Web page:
Review your income

And finally, since you are making changes to your arrangements, it’s always a good idea to review the family income estimates you have recorded with Centrelink for both you and your partner.

Making changes now could stop any over or underpayments being made once the financial year has ended and you tax return lodged.

Changes to Paid Parental Leave

Changes to Paid Parental Leave from 1 July 2020

The minister for women, Kelly O’Dwyer has released the government’s ‘Women’s Economic Security Statement’ which includes changes to Paid Parental Leave.  There are a large number of other initiatives that are designed to improve women’s financial security by focusing on workforce participation, earning potential and economic independence.

The start date for these initiatives will be 1 July 2020.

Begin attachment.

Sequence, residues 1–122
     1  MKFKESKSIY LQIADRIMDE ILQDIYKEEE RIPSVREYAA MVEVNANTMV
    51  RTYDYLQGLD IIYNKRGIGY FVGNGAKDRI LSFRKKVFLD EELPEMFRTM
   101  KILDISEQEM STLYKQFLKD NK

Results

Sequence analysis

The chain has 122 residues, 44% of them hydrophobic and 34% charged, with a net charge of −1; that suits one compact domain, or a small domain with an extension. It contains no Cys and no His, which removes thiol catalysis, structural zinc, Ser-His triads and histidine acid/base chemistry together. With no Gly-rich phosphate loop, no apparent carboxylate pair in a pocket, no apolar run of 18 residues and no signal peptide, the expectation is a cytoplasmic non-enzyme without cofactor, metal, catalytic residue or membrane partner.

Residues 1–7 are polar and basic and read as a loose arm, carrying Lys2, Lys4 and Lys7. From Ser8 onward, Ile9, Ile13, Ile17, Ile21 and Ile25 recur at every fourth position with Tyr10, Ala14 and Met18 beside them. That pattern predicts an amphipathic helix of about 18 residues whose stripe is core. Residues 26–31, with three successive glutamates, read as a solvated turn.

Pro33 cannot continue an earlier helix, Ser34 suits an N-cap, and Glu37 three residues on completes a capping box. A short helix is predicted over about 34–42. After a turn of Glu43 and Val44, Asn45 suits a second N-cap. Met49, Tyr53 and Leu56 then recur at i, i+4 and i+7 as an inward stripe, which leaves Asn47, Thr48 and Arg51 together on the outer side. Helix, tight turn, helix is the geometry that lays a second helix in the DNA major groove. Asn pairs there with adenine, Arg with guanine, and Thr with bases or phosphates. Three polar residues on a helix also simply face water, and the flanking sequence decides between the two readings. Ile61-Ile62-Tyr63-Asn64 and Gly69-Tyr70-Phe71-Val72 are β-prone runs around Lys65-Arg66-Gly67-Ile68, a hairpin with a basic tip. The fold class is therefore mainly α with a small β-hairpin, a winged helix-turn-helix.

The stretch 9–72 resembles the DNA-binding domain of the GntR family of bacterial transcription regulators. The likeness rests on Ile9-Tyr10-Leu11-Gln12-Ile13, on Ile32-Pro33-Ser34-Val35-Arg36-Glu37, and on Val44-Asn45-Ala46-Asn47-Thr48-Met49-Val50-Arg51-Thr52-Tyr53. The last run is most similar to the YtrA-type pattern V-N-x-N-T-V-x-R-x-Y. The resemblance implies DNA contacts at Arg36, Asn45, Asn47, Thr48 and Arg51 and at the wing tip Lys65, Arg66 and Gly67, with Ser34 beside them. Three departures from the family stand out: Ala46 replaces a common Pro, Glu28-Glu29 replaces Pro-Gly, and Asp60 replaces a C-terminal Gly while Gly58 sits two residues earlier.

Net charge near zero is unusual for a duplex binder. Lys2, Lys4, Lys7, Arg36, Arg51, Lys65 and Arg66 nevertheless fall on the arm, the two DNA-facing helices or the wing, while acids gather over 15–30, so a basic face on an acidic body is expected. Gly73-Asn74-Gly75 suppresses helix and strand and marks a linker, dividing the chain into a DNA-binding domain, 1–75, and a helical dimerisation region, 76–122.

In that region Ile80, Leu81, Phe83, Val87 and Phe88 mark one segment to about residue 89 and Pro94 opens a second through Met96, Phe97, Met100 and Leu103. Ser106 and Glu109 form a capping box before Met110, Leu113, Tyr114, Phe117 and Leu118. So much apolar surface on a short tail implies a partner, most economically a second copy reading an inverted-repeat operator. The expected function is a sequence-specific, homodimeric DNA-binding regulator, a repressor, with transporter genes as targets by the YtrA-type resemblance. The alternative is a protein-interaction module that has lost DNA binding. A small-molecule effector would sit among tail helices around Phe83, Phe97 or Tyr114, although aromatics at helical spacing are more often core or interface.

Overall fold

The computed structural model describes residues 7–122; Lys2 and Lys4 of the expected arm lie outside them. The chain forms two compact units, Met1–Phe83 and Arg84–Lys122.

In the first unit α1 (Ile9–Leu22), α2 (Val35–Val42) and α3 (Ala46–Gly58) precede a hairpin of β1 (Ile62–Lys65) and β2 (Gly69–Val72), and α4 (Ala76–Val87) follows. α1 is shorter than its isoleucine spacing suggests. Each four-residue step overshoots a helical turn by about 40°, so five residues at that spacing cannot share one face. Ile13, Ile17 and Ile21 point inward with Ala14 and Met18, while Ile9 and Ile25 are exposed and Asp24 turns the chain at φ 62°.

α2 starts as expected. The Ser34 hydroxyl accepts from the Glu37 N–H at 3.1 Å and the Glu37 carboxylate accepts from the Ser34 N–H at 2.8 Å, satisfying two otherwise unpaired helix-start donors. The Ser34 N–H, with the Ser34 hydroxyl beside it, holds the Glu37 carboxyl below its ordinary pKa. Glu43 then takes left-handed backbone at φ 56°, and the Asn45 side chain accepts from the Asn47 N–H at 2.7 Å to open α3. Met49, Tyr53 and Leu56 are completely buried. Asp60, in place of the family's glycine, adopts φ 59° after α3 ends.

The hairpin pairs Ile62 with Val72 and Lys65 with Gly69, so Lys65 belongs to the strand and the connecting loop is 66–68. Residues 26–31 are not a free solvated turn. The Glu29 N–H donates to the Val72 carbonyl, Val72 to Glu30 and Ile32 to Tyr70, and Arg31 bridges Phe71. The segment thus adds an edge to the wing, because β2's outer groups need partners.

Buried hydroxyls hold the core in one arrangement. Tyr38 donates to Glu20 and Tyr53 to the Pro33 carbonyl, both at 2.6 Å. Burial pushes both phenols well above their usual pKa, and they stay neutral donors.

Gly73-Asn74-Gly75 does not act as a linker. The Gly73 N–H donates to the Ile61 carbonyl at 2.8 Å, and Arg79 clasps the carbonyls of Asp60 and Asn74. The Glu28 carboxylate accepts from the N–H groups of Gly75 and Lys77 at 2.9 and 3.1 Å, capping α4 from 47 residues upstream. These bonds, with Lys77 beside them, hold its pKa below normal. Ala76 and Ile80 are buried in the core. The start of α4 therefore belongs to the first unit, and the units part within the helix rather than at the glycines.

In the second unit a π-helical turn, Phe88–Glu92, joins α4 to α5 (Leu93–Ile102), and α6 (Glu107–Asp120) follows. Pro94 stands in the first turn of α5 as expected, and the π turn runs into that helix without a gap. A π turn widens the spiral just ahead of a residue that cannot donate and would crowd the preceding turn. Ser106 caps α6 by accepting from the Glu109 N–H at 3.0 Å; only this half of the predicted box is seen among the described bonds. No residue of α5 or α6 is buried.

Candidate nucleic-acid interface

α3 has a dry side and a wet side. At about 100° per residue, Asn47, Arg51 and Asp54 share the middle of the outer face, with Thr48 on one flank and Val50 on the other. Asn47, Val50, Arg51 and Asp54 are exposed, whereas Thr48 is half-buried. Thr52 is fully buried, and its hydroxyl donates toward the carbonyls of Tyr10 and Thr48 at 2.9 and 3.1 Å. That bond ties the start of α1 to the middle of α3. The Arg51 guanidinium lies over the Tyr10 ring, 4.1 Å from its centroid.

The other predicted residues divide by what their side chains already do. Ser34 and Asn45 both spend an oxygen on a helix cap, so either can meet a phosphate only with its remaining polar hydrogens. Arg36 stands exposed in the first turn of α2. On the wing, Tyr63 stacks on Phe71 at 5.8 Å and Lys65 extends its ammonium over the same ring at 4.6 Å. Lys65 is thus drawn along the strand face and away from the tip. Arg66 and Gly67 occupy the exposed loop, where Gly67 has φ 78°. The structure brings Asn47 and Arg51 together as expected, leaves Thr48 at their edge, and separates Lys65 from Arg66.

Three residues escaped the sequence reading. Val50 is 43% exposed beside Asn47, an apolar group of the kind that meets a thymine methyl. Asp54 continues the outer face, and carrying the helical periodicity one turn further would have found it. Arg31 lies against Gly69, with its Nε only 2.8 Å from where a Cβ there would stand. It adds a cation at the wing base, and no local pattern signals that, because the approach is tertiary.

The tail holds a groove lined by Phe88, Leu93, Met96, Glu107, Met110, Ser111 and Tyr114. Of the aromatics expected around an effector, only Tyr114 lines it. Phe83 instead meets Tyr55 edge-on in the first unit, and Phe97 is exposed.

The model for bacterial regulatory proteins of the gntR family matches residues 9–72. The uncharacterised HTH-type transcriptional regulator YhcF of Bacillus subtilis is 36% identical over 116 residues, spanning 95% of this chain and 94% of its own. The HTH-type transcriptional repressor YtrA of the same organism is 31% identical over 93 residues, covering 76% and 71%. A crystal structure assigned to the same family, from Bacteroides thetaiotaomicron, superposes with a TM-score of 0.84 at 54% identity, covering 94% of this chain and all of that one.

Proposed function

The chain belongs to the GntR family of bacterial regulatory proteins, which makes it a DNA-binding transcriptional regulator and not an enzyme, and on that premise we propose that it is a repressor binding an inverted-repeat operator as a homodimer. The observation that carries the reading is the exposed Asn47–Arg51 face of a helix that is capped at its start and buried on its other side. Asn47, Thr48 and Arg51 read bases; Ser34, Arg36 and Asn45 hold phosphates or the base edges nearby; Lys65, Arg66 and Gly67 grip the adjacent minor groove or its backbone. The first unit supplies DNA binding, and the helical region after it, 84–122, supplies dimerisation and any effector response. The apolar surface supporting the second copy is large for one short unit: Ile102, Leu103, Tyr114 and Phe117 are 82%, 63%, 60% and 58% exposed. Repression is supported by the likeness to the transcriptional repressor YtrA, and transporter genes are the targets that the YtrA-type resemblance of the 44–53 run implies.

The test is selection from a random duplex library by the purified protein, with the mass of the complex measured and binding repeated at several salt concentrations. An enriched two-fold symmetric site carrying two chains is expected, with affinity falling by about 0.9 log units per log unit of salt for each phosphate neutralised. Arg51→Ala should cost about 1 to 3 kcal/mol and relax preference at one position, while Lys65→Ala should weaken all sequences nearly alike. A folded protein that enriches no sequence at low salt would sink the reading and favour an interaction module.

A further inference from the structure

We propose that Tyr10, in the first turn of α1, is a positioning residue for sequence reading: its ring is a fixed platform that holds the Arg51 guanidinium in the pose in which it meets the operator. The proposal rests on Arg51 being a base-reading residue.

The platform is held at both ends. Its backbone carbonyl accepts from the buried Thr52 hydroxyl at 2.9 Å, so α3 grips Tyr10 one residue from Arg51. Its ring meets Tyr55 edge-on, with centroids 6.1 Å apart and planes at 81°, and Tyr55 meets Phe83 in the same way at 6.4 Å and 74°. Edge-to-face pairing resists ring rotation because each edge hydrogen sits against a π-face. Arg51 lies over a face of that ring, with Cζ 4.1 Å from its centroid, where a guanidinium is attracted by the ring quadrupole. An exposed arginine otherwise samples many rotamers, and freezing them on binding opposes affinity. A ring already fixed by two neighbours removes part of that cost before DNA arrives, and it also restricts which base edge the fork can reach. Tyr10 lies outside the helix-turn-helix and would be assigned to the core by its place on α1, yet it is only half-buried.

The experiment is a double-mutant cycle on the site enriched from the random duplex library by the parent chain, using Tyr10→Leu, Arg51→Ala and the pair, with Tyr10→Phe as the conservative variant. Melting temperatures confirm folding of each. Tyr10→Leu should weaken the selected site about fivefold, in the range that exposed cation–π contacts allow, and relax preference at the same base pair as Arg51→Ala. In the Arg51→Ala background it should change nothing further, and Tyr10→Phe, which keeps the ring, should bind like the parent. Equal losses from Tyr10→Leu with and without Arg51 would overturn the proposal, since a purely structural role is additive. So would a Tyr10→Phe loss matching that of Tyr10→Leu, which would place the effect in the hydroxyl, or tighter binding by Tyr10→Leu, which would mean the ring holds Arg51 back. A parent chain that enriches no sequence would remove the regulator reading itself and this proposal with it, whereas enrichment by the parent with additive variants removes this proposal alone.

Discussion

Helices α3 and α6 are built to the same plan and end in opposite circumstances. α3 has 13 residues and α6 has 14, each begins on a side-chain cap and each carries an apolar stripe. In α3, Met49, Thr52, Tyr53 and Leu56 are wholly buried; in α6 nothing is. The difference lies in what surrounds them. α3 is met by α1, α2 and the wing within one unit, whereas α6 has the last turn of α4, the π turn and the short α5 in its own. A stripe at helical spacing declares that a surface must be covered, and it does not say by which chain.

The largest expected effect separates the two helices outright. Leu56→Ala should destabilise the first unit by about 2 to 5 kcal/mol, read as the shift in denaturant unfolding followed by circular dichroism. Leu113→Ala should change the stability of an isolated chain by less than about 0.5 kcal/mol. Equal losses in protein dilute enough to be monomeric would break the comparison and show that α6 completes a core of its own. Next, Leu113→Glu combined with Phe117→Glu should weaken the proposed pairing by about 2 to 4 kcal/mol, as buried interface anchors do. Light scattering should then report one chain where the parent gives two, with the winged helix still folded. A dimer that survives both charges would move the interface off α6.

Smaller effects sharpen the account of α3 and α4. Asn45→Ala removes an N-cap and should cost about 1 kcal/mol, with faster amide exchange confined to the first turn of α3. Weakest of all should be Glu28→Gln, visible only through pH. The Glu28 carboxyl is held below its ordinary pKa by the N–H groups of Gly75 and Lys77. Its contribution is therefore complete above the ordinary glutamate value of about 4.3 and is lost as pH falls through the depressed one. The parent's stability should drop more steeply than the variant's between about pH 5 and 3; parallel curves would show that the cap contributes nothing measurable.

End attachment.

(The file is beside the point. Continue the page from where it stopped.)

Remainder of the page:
There is a significant focus in the Statement on helping victims of domestic violence achieve economic independence through early access to superannuation and increased funding for no interest loans.

The changes to Paid Parental Leave Scheme are designed to improve the flexibility of the current system, especially for those who are self employed and small business owners.

I regularly discuss with small business owners the problem of keeping their business going while meeting the requirements of the PPL Scheme of not working for 18 weeks. Few small business have that option available to them.

The proposed changes include:

Splitting your Paid Parental Leave into separate blocks.